What’s The Irony In Rip Van Winkle?

He even set up a carriage in the fulness of his vainglory, though he nearly starved the horses which drew it; and because the ungreased wheels groaned and screeched on the axle-trees, you’ll have thought you heard the souls of the poor debtors he was squeezing. Tom Walker, nonetheless, was not a person to be anxious with any fears of the kind. He reposed himself for some music time on the trunk of a fallen hemlock, listening to the boding cry of the tree-toad, and delving along with his walking-staff right into a mound of black mould at his toes. As he turned up the soil unconsciously, his workers struck against one thing hard. A cloven cranium, with an Indian tomahawk buried deep in it, lay before him.

In place of those, a lean, bilious-looking fellow, together with his pockets filled with handbills, was haranguing vehemently about rights of citizens—elections—members of congress—liberty—Bunker’s Hill—heroes of seventy-six—and different phrases, which were an ideal Babylonish jargon to the bewildered Van Winkle. In that very same village, and in one of these very homes (which, to tell the precise fact, was sadly time-worn and weather-beaten), there lived a few years since, whereas the country was but a province of Great Britain, a simple good-natured fellow of the name of Rip Van Winkle. He was a descendant of the Van Winkles who figured so gallantly in the chivalrous days of Peter Stuyvesant, and accompanied him to the siege of Fort Christina. He inherited, nevertheless, but little of the martial character of his ancestors. I really have noticed that he was a easy good-natured man; he was, moreover, a kind neighbor, and an obedient hen-pecked husband. Indeed, to the latter circumstance could be owing that meekness of spirit which gained him such common popularity; for these men are most apt to be obsequious and conciliating abroad, who are under the self-discipline of shrews at home.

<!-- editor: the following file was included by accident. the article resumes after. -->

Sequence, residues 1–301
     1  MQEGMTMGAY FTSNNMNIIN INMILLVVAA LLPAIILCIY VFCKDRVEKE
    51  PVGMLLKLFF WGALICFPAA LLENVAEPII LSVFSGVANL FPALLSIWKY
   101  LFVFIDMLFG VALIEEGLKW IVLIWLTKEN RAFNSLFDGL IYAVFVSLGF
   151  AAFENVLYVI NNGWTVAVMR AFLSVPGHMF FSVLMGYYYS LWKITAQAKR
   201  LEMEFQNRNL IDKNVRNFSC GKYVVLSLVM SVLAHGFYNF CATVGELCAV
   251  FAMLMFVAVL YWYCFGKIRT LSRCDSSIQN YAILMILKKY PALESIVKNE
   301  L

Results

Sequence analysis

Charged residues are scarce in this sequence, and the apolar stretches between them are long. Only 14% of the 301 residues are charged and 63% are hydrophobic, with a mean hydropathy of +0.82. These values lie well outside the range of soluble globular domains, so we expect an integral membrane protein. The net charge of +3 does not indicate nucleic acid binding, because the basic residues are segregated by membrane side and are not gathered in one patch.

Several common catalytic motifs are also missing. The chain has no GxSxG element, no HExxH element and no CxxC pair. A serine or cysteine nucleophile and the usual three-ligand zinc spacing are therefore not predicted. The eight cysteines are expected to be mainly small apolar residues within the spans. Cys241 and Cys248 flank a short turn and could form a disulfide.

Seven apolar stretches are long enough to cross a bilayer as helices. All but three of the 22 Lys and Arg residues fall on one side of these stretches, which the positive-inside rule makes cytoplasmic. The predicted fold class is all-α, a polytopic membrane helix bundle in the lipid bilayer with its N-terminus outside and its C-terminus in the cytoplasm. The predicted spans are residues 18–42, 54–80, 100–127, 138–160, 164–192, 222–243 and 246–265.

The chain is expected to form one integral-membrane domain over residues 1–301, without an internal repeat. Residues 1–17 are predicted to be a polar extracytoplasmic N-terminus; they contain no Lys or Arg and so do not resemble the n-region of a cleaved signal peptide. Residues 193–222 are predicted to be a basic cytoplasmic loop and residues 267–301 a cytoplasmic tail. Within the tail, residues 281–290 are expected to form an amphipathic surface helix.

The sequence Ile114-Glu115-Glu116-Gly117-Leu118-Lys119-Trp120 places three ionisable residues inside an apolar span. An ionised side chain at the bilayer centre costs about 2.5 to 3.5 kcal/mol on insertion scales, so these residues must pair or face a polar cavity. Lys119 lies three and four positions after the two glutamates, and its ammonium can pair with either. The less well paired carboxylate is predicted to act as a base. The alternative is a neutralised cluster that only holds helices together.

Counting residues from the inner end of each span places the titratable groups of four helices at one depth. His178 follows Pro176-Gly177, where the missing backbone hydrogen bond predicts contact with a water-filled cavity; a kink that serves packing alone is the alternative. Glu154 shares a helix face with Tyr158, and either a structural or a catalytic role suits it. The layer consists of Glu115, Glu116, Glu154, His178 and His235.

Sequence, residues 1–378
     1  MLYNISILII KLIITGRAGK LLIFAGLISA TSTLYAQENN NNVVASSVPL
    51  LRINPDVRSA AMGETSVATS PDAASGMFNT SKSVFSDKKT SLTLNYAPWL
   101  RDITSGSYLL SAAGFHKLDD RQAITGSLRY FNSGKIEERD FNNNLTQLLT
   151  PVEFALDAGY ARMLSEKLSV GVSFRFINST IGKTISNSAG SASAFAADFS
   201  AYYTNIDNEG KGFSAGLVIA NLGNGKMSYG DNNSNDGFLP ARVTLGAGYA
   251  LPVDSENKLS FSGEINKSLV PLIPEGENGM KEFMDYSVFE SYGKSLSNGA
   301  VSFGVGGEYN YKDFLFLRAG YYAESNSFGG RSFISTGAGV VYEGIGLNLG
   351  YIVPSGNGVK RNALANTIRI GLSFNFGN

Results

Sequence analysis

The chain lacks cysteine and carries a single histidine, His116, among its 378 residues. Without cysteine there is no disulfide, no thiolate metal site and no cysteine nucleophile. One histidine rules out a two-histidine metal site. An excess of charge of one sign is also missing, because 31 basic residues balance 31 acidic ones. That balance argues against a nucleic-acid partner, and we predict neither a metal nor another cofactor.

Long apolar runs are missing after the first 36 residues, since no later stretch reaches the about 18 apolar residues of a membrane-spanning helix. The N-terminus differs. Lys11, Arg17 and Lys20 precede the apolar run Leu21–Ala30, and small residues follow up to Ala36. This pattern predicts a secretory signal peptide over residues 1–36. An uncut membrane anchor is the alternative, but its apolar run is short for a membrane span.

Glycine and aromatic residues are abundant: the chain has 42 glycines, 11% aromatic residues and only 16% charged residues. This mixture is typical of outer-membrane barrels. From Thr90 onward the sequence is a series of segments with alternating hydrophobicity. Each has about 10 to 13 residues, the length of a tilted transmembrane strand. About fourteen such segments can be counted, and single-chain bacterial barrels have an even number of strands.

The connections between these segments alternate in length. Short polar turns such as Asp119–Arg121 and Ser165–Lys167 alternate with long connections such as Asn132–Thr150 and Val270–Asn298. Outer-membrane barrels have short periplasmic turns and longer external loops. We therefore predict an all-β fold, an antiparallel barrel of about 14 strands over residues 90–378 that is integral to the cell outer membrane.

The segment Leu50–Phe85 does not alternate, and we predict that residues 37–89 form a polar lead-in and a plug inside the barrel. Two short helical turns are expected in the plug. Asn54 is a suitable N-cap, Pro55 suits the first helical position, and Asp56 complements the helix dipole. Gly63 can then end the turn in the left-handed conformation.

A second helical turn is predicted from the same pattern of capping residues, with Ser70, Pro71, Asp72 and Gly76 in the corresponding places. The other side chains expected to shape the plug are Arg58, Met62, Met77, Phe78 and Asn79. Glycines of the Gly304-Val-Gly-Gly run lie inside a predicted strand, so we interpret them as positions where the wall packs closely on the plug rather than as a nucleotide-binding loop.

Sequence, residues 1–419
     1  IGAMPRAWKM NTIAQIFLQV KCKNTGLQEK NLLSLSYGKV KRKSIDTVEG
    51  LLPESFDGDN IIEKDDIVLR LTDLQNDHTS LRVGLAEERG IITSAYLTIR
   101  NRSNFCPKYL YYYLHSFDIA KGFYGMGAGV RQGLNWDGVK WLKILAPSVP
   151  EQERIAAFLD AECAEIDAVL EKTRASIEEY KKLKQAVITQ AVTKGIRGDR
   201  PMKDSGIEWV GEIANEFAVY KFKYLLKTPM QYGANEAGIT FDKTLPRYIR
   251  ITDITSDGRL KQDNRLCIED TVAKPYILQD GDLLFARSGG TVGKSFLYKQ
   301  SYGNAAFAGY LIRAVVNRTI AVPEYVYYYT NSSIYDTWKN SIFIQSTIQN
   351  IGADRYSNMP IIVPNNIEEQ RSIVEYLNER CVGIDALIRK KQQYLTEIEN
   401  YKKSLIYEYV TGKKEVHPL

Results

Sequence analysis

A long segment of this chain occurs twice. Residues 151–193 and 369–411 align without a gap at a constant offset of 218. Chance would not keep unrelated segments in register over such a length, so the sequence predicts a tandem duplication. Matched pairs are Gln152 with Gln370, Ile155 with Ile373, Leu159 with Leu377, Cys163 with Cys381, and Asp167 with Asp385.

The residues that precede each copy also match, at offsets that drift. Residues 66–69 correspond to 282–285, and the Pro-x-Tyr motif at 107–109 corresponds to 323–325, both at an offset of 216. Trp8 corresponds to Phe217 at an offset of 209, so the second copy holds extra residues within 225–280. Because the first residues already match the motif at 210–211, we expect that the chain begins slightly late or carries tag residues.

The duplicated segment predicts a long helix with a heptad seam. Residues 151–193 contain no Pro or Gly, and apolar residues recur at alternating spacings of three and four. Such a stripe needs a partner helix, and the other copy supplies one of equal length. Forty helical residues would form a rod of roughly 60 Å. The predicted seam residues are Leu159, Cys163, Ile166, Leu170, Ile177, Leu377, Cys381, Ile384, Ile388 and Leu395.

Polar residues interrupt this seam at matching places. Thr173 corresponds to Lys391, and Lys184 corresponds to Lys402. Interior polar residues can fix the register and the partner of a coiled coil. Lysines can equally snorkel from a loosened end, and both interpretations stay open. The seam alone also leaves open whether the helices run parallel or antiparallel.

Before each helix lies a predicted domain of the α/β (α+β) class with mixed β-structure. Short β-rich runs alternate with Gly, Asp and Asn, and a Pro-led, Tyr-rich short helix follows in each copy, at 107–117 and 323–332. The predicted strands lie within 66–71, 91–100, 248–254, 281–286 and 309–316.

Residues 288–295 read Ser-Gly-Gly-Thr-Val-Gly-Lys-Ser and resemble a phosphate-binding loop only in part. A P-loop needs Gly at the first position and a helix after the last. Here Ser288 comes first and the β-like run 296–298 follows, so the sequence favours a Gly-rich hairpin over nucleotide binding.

Sometimes he would assume the type of a bear, a panther, or a deer, lead the bewildered hunter a weary chase through tangled forests and among ragged rocks; after which spring off with a loud ho! Leaving him aghast on the brink of a beetling precipice or raging torrent. Rip now resumed his old walks and habits; he quickly found many of his former cronies, though all rather the worse for the damage and tear of time; and most well-liked making friends among the rising era, with whom he soon grew into nice favor. “Oh, she too had died but a quick while since; she broke a blood-vessel in a fit of passion at a New-England peddler.”

I may do it by guess, I moved it cautiously up or down, until my consideration was arrested by a round rift or opening in the foliage of a big tree that overtopped its fellows in the distance. In the centre of this rift I perceived a white spot, however could not, at first, distinguish what it was. On the opposite facet he appeared down right into a deep mountain glen, wild, lonely, and shagged, the bottom filled with fragments from the approaching cliffs, and scarcely lighted by the reflected rays of the setting sun.

This street leads via a sandy hole shaded by trees for about a quarter of a mile, the place it crosses the bridge famous in goblin story; and simply beyond swells the green knoll on which stands the whitewashed church. This story was instantly matched by a thrice marvellous journey of Brom Bones, who made mild of the Galloping Hessian as an arrant jockey. Prise, and keep a guardian eye upon the river and the nice city called by his name. His father had as soon as seen them in their old Dutch clothes playing at ninepins in a hole of the mountain; and he himself had heard, one summer afternoon, the sound of their balls, like distant peals of thunder. He entered the house, which, to tell the truth, Dame Van Winkle had all the time stored in neat order. He referred to as loudly for his wife and children—the lonely chambers rang for a second together with his voice, after which all again was silence.

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